How to Crush Your Analyst Years

So you’re done recruiting, and you’ve landed the offer of your dreams. Now the work has just begun. If you’re an intern, you’re looking to lock down a full-time offer. If you’re an incoming analyst, you’re looking to earn that top bucket bonus and work on the best deals your bank gets. Regardless of the position that you’re in, here are some tips to excel during your analyst program.

Attitude

Having a good attitude is the number one factor in being a good analyst and an analyst that other members of your group want to work with. As an analyst, you’re not expected to know everything about financial markets or your client companies, but you are expected to come into the office with a smile on your face, even when you don’t want to be there. Your bosses will respect you so much more if you show up every day with a “can-do” attitude and willingness to learn. As cheesy as that may sound, you will be extremely surprised how far it can take you.

Attention to Detail

Another hugely important part of being a good analyst is attention to detail. Remember, you are making everything that the client sees, and you cannot expect your deal team to trust you with the complex parts of the role such as making the model or speaking on a call with a client if you can’t get the easy parts of the job done. We recommend printing everything that you make out before turning it over to the associate or VP on your deal team. Reading over a hard copy will save you many typos and allow you to pick out items that look funny. At the end of the day, investment banking is a client facing industry, and you always want to show the client your best work.

Manage Down Time Effectively

Investment banking hours can be very cyclical. Some days you will be so busy that when you sit down at your desk in the morning, you might not get back up until late that night. Some days you may feel like you have nothing to do, and you may be bored out of your mind. Managing down time is a critical component of being a good analyst. You must walk a fine line between staying engaged with your deal teams and showing that you are eager to take on more work, but also take some of that down time for a well-deserved rest.

The easiest way to manage your down time is to be very open with all of your deal teams and your staffer with what you are working on. It is your staffers job to manage your workload, and he/she will rarely get upset if you over communicate what you are working on. This way, you can show that you are engaged and ask for more work at the right time, but you can also avoid getting stuck with 5 deal all blowing up at once.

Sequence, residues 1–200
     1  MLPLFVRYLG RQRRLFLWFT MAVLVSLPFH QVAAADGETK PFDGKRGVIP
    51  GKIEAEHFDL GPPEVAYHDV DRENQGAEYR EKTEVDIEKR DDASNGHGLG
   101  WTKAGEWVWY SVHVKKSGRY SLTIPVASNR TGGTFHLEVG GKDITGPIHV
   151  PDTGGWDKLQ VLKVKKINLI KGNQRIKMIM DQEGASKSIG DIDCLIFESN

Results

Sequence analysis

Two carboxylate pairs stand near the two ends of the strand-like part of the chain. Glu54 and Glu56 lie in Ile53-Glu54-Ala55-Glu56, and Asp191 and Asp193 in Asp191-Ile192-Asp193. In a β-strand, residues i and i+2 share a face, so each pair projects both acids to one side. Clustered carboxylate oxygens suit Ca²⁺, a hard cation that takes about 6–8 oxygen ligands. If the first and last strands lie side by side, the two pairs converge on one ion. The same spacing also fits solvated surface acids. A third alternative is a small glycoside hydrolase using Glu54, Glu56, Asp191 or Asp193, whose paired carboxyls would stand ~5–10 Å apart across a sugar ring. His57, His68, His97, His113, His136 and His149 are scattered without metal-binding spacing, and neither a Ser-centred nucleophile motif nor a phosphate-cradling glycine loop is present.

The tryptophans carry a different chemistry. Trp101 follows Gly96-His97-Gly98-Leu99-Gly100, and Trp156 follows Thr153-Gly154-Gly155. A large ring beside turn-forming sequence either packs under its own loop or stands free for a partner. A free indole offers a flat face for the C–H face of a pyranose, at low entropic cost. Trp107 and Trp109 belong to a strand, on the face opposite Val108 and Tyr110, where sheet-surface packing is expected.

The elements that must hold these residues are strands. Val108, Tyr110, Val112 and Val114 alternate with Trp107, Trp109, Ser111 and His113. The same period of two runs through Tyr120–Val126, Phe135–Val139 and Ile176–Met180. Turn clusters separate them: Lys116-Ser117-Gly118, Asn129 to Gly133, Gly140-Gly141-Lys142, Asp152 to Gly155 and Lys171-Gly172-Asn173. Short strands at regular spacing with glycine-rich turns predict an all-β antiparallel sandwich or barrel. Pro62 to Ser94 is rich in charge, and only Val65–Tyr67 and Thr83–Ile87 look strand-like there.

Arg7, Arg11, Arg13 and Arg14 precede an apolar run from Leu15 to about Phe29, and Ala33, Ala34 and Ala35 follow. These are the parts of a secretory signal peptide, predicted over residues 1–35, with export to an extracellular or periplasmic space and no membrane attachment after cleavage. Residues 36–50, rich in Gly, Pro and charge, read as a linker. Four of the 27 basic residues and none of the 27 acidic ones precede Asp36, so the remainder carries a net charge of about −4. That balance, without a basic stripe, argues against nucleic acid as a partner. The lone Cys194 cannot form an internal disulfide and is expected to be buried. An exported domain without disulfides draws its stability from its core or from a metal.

Find a Mentor or Sponsor in Your Group

As an analyst, you will be working with a bunch of different combinations of associates, vice presidents, directors and managing directors. Everyone is extremely busy, and it can be extremely easy to get lost in the shuffle. For this reason, it is important to find a mentor in your group to keep you moving on the right path. Obviously, you can’t just go ask a managing director, “Do you want to be my mentor?”, but you will find that you naturally get along with some people better than others. Seek those people out, grab coffee or a beer with them and talk to them about what they are working on. These people will generally have a large amount of sway come bonus time or when a big deal is being staffed. More importantly, they’ll teach you what they know, which will make you grow faster as a finance professional.

Be Social

So you’re going to be spending 80+ hours per week with the same people, in the same office. You better get to know them. Working with people that you like and can hang out with will make your time as an analyst 100 times better and easier. For this reason, take every opportunity to go out and be social with people in your group. Even if you have a ton of work, take 15 minutes and go to a happy hour with the group if everyone is going. These conversations are often the most valuable, not only from an overall happiness stand point, but also for the advancement of your career. You never know, maybe you find a common interest with one of your MDs over a few beers and you get staffed on his next big deal.